With the possibility that Turnbull will be the winner of this election, he is already in danger. The Coalition is set to claim at least 74 seats, possibly 76 Turnbull will return to Canberra with reduced majority. If he does make it to 76 he will have lost the Coalition 16 seats. Losing one seat is unfortunate, losing 16 is careless.
The political agenda of the Prime Minister has already been made impotent with his tax cuts for big business looking like it won’t make it through the Senate or the House and he won’t have the numbers to get the ABCC through. The very item he gambled the House on. It is not just his political agenda that has been ruined, the Prime Minister’s reputation has also been ruined.
They very fact that he had to stand up before the people and accept responsibly for the worse campaign Australia had ever seen, he also had a temper tantrum on the night of the election when it looked like he was going to lose. While he attacked the Labor Party over their Medicare campaign, which was based on actions from the past, he conveniently forgot that the Liberal Party had promised no cuts to education, health or the ABC/SBS. He also forgot about the lies that were told over carbon pricing.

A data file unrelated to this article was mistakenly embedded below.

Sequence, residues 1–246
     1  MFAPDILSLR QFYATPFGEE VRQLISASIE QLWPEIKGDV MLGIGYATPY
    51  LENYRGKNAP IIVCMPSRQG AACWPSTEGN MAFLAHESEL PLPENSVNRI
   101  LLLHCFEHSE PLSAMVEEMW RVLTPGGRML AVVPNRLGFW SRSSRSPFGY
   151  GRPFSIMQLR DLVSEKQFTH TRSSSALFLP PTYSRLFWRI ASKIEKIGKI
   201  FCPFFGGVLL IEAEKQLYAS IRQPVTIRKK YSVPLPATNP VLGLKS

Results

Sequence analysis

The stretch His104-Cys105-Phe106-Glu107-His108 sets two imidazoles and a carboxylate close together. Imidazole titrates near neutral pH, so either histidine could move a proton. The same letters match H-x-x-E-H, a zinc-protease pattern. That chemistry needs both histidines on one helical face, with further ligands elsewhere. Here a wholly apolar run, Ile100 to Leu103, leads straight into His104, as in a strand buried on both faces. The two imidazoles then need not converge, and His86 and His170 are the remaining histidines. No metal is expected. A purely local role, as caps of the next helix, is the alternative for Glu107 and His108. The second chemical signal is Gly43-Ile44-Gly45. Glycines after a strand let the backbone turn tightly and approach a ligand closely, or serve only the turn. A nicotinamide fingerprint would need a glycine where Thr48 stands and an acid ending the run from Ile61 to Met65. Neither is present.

The far-right of the Liberal are out for his blood, the DelCons want to exact revenge over the knifing of Tony Abbott. Cory Bernadi is looking into creating his own party to take back the votes Turnbull has lost. The Party is disunited and white hot with anger.
At the end of it all, Turnbull gambled the House on an issue that no-one cares about hoping to come back stronger, but instead he has returned weakened with an impotent agenda.
While the final outcome of the election has not yet been decided, it is clear that Australia has firmly rejected Malcolm Turnbull and his agenda, and the Liberals’ big business first approach to government.